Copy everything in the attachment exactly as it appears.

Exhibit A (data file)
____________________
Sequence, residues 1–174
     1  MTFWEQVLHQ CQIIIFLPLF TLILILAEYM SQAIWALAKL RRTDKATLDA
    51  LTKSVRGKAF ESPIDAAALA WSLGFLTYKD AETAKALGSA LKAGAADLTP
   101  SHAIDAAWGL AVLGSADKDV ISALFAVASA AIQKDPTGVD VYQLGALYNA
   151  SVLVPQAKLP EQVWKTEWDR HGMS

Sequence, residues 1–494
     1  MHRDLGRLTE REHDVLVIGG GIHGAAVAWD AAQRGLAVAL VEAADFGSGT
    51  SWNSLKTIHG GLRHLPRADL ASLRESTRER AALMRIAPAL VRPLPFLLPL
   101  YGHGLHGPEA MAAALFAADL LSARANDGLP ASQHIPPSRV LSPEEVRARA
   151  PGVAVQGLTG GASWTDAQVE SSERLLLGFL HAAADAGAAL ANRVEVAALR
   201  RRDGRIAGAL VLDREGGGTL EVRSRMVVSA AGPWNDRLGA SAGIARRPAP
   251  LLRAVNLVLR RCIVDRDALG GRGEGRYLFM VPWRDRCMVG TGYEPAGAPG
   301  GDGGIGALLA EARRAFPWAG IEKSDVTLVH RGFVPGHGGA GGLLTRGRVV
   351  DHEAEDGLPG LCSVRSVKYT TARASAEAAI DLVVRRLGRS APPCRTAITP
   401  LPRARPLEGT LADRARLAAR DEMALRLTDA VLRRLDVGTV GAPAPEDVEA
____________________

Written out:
Sequence, residues 1–174
     1  MTFWEQVLHQ CQIIIFLPLF TLILILAEYM SQAIWALAKL RRTDKATLDA
    51  LTKSVRGKAF ESPIDAAALA WSLGFLTYKD AETAKALGSA LKAGAADLTP
   101  SHAIDAAWGL AVLGSADKDV ISALFAVASA AIQKDPTGVD VYQLGALYNA
   151  SVLVPQAKLP EQVWKTEWDR HGMS

Sequence, residues 1–494
     1  MHRDLGRLTE REHDVLVIGG GIHGAAVAWD AAQRGLAVAL VEAADFGSGT
    51  SWNSLKTIHG GLRHLPRADL ASLRESTRER AALMRIAPAL VRPLPFLLPL
   101  YGHGLHGPEA MAAALFAADL LSARANDGLP ASQHIPPSRV LSPEEVRARA
   151  PGVAVQGLTG GASWTDAQVE SSERLLLGFL HAAADAGAAL ANRVEVAALR
   201  RRDGRIAGAL VLDREGGGTL EVRSRMVVSA AGPWNDRLGA SAGIARRPAP
   251  LLRAVNLVLR RCIVDRDALG GRGEGRYLFM VPWRDRCMVG TGYEPAGAPG
   301  GDGGIGALLA EARRAFPWAG IEKSDVTLVH RGFVPGHGGA GGLLTRGRVV
   351  DHEAEDGLPG LCSVRSVKYT TARASAEAAI DLVVRRLGRS APPCRTAITP
   401  LPRARPLEGT LADRARLAAR DEMALRLTDA VLRRLDVGTV GAPAPEDVEA